History of McKiernan Name


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MacKiernan - MacTiernan

No less than thirty-three MacTiernans are mentioned in the “Annals of the Four Masters”, practically all of them Chiefs of Teallach Donnchadha (modern Tullyhunco, in Co. Cavan) or their relatives.  Though not much information is given about their exploits, the mere recording of so many obituaries indicates the importance of the sept throughout the three centuries from 1250 to 1550.  The name is still found chiefly in the Cavan-Leitrim area but generally without the prefix Mac; when the Mac is retained MacTernan is now the usual form.  Another sept of MacTiernan held territory in the northeastern part of Co. Roscommon in medieval times.  Their origin is different from the Tullyhunco sept, being descended from Tiernan, grandson of Turlough Mór O’Connor, King of Ireland, while the Cavan sept is a branch of the O’Rourkes.  This being so, it is of interest to note that the large estate of Hugh MacTernan of Heapstown House, Boyle, Co. Roscommon, in 1878 lay for the most part in Co. Leitrim.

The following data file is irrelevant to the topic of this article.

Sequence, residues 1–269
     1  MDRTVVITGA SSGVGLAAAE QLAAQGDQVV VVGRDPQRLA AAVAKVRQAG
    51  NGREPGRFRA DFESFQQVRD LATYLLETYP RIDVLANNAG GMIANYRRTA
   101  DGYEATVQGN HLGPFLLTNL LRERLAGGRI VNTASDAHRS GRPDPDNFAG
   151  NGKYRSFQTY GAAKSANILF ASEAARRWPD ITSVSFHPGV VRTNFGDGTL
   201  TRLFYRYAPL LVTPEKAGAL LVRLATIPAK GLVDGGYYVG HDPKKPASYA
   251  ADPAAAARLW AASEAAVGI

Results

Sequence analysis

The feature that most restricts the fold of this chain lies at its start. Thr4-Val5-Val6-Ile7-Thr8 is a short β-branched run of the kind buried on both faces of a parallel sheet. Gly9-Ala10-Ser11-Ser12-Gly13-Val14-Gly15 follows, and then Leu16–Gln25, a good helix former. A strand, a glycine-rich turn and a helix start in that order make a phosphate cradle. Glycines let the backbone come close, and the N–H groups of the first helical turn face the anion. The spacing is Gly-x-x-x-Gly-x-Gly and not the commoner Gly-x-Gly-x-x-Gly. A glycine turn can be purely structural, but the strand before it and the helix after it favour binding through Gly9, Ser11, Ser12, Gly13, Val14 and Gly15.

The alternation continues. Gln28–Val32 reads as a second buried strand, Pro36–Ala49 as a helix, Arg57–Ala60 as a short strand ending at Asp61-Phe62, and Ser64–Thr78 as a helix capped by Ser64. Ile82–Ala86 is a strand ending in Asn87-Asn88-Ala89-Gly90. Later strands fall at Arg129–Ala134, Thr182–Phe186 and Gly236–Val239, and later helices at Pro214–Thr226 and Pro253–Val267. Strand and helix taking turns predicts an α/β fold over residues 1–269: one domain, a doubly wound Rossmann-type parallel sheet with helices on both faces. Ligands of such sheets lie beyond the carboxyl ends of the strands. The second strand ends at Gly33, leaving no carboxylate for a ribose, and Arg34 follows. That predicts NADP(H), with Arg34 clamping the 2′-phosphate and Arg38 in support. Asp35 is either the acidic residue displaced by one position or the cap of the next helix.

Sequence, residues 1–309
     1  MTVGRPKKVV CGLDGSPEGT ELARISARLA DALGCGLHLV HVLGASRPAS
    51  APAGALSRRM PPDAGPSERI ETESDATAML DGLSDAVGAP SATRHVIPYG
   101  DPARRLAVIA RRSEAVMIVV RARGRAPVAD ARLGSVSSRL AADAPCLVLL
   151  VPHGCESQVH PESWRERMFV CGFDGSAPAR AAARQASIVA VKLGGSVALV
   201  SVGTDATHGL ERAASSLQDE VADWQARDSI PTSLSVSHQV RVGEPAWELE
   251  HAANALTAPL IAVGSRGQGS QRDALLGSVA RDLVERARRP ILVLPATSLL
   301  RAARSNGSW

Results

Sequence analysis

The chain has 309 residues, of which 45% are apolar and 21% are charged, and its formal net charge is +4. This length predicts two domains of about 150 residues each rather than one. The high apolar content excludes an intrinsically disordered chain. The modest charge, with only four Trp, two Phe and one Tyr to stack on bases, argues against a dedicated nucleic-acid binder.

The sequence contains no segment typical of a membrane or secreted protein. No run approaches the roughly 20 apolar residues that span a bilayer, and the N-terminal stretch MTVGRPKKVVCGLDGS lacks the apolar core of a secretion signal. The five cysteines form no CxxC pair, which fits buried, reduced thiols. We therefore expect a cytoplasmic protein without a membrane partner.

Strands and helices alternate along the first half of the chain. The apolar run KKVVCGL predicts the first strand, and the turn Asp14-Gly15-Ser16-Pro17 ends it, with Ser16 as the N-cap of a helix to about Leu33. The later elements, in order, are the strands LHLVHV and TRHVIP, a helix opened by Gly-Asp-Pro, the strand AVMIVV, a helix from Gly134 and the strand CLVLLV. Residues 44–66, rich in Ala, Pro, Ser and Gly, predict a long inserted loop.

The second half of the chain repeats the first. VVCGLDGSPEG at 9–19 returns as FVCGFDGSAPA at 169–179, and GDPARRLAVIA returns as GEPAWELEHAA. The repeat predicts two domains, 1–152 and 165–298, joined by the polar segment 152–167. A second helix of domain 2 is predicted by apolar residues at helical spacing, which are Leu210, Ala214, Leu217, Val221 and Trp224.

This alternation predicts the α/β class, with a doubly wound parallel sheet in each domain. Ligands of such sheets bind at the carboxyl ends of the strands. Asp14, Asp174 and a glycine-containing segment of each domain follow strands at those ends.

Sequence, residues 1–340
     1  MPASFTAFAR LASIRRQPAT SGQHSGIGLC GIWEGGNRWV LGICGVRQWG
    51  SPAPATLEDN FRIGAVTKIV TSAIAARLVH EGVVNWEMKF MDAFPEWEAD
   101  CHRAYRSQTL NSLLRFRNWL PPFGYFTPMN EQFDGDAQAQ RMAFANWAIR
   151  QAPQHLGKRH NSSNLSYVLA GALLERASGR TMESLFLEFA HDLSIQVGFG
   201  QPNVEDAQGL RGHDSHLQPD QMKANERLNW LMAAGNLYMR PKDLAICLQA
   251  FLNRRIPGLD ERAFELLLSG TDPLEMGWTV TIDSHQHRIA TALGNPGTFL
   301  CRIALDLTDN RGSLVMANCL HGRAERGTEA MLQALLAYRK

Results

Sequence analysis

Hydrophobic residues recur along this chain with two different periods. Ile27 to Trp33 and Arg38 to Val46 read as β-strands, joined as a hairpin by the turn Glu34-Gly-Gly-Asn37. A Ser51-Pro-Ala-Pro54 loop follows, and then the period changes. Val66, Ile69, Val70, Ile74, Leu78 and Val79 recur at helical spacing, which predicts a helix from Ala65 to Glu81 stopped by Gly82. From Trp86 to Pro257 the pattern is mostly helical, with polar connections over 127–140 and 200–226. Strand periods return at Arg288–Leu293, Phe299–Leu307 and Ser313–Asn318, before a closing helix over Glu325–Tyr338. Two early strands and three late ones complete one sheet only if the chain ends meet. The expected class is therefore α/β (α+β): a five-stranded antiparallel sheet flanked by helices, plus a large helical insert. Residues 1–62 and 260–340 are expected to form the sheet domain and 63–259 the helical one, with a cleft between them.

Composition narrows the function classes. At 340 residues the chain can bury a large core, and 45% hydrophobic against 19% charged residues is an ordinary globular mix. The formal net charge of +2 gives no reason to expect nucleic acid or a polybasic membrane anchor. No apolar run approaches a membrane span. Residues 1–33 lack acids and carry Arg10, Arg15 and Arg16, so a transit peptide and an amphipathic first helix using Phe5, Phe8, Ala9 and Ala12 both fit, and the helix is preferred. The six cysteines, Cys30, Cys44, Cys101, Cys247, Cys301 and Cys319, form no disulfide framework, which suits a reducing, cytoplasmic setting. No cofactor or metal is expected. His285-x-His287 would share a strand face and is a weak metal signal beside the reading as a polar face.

The name in Irish is Mac Tighearnáin (derived from tighearna, a lord).  It is also spelt with the "T" aspirated - MacTighearnáin - which was phonetically anglicized MacKiernan.  The Chiefs of Tullyhunco were occasionally called MacKiernan instead of MacTiernan.  Today the two names, including their variants with and without the Mac, are about equal in numbers, and Kiernan is numerous in the same area as Tiernan.  The latter is sometimes confused with Tierney, but there is actually no connection between them.

“IRISH FAMILIES”, Edward MacLysaght, page 273
Crown Publishers Inc. 1972  70-184040